“Struggle for Survival” fundraising event in Toronto

Megaphone“Struggle for Survival” is an event supported by the Scadding Court Community Centre in Toronto, Canada, and the office of Toronto City Councillor Raymond Cho. Jihyun Kwon, one of the organizers, asked CanKor to help promote the event, whose purpose is to raise funds to assist North Korean refugees in Toronto. See details in the poster below.

The event is sponsored by “North Koreans in Canada,” a small non-profit, non-partisan organization devoted to serving North Korean refugees (both status and non-status) living in Canada. According to this organization, there are currently about 2,000 North Koreans who have found refuge in Toronto, but still struggling to survive. Read the rest of this entry »

Books: Escape From Camp 14


ESCAPE FROM CAMP 14, by Blaine Harden. New York, NY: Penguin Group, 2012. X 224 pp. hardcover. ISBN 978-0670023325. Reviewed by CanKor “Human Factor” editor Jack Kim.


For those who disbelieved, and continue to disbelieve, North Korean refugees when they first started trickling in, Shin Dong Hyuk’s story is the mother of them all. Born in a concentration camp, witness to unspeakable horrors, the protagonist of an amazing escape from a country that condemned him even before he was born. The story is, well, far too fantastic. It is unbelievable.

His story has been well documented in the media. After all, the book hit double digits on the amazon.com best seller list. According to Shin, he was born in Camp 14 to inmates of the camp, grew up there, watched his mother and brother executed, and serendipitously managed to escape not only the camp, but the DPRK itself. According to the author, Shin describes nonchalantly every day features of the camp that to those of us fortunate enough to live outside its fences, stir up Holocaust imagery: starvation, public executions, camp guards savagely beating inmates. He describes how snitching became a method of survival, to the point that he reverses previous accounts of his life in the book by admitting that this very snitching led to the execution of his mother and brother. Read the rest of this entry »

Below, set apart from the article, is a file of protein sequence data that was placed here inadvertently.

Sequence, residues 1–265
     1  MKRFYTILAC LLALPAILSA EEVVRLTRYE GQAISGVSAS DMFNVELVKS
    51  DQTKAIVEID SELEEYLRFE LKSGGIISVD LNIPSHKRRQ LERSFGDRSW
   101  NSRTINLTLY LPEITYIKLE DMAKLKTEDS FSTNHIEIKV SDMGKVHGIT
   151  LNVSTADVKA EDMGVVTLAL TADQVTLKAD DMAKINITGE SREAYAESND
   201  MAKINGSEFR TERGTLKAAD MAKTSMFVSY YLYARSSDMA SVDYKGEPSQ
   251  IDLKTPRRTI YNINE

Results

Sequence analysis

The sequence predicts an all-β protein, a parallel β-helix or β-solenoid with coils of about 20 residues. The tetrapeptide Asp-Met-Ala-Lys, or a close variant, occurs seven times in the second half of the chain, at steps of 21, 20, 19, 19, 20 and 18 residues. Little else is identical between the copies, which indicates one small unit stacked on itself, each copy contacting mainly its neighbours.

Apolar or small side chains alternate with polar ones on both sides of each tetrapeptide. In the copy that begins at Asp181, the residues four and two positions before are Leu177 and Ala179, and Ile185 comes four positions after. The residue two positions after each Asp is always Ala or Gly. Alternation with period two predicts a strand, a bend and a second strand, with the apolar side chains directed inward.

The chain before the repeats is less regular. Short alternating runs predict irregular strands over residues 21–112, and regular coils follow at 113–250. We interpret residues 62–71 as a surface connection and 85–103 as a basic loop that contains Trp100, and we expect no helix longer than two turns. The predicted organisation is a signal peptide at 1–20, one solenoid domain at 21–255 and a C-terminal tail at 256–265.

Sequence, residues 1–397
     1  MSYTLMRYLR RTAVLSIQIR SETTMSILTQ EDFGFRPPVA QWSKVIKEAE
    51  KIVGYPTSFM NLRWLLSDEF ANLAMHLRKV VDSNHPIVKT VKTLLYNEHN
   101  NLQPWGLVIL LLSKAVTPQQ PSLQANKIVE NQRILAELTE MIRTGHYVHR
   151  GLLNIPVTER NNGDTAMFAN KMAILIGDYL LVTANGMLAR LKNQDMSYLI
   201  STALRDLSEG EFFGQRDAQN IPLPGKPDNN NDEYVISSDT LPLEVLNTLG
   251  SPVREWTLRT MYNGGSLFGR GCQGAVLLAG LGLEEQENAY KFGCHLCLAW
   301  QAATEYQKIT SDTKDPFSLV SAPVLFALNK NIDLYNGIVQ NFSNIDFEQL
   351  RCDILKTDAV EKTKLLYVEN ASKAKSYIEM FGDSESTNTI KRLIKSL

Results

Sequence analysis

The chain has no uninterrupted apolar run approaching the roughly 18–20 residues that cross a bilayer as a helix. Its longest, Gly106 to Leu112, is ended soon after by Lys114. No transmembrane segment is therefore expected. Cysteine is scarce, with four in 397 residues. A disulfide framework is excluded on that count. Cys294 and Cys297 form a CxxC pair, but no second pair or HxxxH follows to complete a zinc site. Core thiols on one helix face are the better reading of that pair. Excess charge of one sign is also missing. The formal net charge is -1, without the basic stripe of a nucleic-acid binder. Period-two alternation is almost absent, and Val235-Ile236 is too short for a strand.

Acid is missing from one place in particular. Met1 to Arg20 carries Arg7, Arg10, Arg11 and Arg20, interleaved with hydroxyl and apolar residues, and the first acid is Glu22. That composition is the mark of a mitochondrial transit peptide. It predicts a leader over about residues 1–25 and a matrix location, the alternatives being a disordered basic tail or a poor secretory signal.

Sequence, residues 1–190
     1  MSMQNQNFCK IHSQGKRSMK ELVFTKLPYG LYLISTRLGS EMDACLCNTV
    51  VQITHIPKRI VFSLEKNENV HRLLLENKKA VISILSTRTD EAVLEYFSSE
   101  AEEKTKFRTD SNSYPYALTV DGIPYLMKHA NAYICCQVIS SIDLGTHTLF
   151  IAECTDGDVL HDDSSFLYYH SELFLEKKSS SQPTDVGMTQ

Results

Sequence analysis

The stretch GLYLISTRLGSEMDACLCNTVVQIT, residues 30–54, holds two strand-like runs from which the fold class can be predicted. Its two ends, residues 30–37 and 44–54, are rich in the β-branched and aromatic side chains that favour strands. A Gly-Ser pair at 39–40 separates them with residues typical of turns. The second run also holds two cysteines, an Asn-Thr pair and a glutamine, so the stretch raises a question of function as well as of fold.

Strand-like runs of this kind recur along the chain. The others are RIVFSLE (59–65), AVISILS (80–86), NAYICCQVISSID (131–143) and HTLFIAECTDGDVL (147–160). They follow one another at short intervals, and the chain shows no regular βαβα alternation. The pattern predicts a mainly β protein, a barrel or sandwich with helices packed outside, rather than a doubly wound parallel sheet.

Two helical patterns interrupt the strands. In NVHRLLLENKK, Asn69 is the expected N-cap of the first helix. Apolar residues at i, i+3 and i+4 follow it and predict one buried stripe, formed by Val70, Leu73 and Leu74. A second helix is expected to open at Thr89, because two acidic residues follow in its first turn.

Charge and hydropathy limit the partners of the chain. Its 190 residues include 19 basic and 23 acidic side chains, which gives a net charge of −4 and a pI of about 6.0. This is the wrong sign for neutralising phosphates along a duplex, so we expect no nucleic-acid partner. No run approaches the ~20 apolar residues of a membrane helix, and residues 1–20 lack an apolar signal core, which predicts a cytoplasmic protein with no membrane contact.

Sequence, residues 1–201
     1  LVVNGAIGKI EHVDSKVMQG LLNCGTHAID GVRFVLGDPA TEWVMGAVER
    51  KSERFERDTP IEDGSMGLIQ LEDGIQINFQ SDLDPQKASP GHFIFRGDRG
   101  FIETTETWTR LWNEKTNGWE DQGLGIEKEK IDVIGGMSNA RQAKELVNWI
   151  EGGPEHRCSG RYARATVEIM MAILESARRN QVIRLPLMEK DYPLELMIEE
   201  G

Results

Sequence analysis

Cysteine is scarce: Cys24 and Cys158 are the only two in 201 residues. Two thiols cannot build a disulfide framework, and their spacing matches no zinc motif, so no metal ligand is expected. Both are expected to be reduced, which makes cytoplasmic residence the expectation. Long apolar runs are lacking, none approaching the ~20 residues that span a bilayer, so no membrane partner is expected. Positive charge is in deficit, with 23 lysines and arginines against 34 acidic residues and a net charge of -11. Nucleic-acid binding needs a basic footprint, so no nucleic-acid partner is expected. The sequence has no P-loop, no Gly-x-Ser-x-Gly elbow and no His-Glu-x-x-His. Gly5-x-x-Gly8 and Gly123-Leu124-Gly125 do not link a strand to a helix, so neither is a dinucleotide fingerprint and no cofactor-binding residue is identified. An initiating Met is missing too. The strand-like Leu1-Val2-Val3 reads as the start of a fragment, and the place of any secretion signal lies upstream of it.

North Korean refugees in Toronto carry burden of fear (Toronto Star)

by Mary Ormsby and Leslie Scrivener, Toronto Star, 30 April 2012

will not have their faces photographed. They will not disclose their names. (Aaron Harris/Toronto Star)

Three unidentified North Korean immigrants in a Toronto church (Photo by Aaron Harris, Toronto Star)

The three North Korean women will not have their faces photographed. They will not disclose their names.

But certain things they will reveal. How they ground tree bark and cooked it into a thin gruel for food. How they were sold to brokers to work as maids or “unofficial wives” in China. How starving neighbours — children as well as adults — were executed for stealing even a morsel of meat.

“Our lives meant nothing,” one of them says. “We were like flies.”

The fear that propelled the women to flee the brutality of their homeland clings to them as refugees in Toronto, terrified their freedom in Canada will mean death to family and friends in North Korea, which calls itself the Democratic People’s Republic of Korea.

That may explain why some, like 13-year-old Sol Han, reported missing from a local shelter this week, melt away into the broader GTA population. Maybe never to be heard from again. Read the rest of this entry »

North Korean defectors resettle, raise awareness in Canada

By Kyle Burton, Yonhap News Agency,  29 January 2012

Hundreds of years after European migrants traveled to North America seeking refuge and opportunity, groups of North Korean defectors have begun to resettle in Canada, with many calling the city of Toronto their new home.

Heo Tae-seop, a North Korean defector who settled in Toronto last year. (Courtesy of Kyle Burton)

Canada accepted 83 North Korean refugees in 2011, double the number of the previous year.

Heo Tae-seop is a North Korean defector who has been living in Toronto since May. For people like Heo, the consequences of attempting an escape can be severe. Those caught are repatriated and reportedly receive severe punishment. Some lucky individuals manage to sneak through the border and into China, while others navigate the harsh ocean waters to South Korea. Then, there are those who make the journey to North America where an entirely new life awaits.

“People who have just defected from North Korea do not know about democracy because they have been closed off from the world for so long,” said Heo. “For example, I am 48 years old, but in Canada I feel like I am a 1-year-old baby because I don’t know anything about Toronto or this country.” Read the rest of this entry »

Admitting North Korean Refugees: A Canadian Perspective